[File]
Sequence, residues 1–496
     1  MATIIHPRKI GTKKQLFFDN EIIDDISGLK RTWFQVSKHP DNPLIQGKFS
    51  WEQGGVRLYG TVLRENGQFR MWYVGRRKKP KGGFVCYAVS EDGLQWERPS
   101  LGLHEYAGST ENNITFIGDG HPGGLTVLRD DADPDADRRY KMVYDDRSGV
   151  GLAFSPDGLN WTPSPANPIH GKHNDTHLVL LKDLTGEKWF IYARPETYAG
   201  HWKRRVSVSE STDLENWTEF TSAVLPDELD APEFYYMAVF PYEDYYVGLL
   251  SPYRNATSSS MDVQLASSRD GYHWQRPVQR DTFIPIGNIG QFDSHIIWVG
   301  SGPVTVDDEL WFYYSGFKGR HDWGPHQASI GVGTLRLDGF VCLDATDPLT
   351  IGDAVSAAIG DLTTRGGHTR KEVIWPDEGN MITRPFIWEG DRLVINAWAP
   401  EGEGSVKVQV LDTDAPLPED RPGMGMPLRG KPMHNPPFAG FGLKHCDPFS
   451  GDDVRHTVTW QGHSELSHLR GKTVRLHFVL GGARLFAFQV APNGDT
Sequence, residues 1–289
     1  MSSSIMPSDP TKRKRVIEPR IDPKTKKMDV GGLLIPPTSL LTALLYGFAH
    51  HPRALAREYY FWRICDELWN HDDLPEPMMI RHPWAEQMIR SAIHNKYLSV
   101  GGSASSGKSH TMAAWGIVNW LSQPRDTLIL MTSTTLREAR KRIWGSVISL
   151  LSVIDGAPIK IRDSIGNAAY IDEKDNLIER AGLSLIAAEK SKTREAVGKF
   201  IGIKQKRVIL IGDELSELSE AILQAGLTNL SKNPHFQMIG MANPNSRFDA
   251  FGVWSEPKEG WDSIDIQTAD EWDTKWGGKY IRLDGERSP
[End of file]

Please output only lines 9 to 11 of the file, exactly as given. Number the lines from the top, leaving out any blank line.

   351  IGDAVSAAIG DLTTRGGHTR KEVIWPDEGN MITRPFIWEG DRLVINAWAP
   401  EGEGSVKVQV LDTDAPLPED RPGMGMPLRG KPMHNPPFAG FGLKHCDPFS
   451  GDDVRHTVTW QGHSELSHLR GKTVRLHFVL GGARLFAFQV APNGDT